Transportation Cocktail The STM again adds to its service offer for bikes
Montréal, May 3, 2013 – With better mobility for clients always in mind, the Chairman of the Board of Directors of the Société de transport de Montréal (STM), Mr. Michel Labrecque, unveiled new measures designed to improve the bicycle service offer this summer. Featured are five new bus lines equipped with bike racks, a pilot project for a shared reserved lane on Viau Street, a pilot project for bike slides in two métro stations and a pilot project for controlled-access bicycle parking at the Lionel-Groulx station.
“The future for mobility lies in the transportation cocktail that allows for the use of various modes during the same trip. It’s thus a blend of traditional and new, collective and individual methods of transportation,” explained Mr. Labrecque. And the bicycle is without question a key ingredient in the transportation cocktail on which the STM relies heavily, particularly to offer a healthy alternative to the car,” he added.
Buses equipped with bike racks
Five new bus lines are offering bike racks: lines 34 - Sainte-Catherine; 94 - Iberville; 169 - La Ronde; 185 - Sherbrooke and 715 - Vieux-Port.
These are in addition to the three lines that were part of a pilot project in 2011 and 2012, 140 – Fleury; 146 – Christophe-Colomb and 180 – Salaberry, bringing to 65 the number of buses that will be equipped with bike racks this summer. Over the coming years, this number will increase tenfold.
Reserved lane on Viau Street
In addition, the STM, in collaboration with the Ville de Montréal, is developing various concepts for reserved lanes integrating cyclists. These concepts take into account the environment and the volume of buses and cyclists. That is why, as of this fall, a pilot project will allow bicycles to travel in the bus reserved lanes on Viau Street between Rosemont Boulevard and Pierre-de-Coubertin Avenue. It will feature a shared lane 4.5 metres wide with the buses travelling to the left of the bicycles. This pilot project is designed to determine if bicycles and buses can co-exist harmoniously.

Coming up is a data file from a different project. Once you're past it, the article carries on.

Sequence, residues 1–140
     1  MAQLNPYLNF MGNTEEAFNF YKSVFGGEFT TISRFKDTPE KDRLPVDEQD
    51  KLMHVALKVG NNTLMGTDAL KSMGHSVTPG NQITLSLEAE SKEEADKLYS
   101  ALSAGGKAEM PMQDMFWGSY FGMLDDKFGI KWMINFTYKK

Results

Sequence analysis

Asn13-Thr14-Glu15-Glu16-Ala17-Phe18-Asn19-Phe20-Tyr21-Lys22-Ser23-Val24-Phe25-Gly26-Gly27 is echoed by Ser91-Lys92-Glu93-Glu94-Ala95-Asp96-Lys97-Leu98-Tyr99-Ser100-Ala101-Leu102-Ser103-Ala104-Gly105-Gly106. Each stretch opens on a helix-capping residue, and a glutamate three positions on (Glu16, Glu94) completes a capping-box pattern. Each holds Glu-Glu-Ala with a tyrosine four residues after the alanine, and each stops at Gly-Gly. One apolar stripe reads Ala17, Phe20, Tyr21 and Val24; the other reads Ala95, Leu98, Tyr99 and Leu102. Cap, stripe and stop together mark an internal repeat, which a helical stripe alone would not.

The STM is also testing four bike slides at the Longueuil-Université-de-Sherbrooke and Viau stations. The goal is to make the handling of bikes easier for those who have to travel in the métro with their bikes. These slides allow cyclists to go down the stairs alongside their bikes without having to carry them. A plan to equip other stations with this type of equipment is also being studied.
Controlled-access parking at Lionel-Groulx
Elsewhere, the STM, in collaboration with the ministère des Transports du Québec (MTQ) and the Sud-Ouest borough, will offer parking at Lionel-Groulx station enabling cyclists to park their bikes in a sheltered area. The preparatory work for the installation of the shelter should start in June and finish at the end of the summer. The controlled-access parking should therefore be available in time for the back to school period. It will be able to handle 32 bicycles in 16 racks on two levels. The MTQ’s participation is a continuation of the work of the Comité de mobilité des personnes et des biens in the greater metropolitan area.
The STM will thus provide close to 2 700 parking spaces for bicycles outside 56 of 65 Montréal métro stations. It is hoped that between now and 2020 this number will increase to 3 100 in collaboration with the city of Montréal’s boroughs.
“All these measures are on top of our various partnerships with, for example, the Bike Fest, Vélo Québec, BIXI, the Comité cycliste de Montréal, all targeted at promoting bicycle use by citizens and offering them innovative ways of getting around. This is no doubt linked to the fact that this week Montréal was ranked first in North America and 11th in the world among the best cities for cycling,” Mr. Labrecque concluded.
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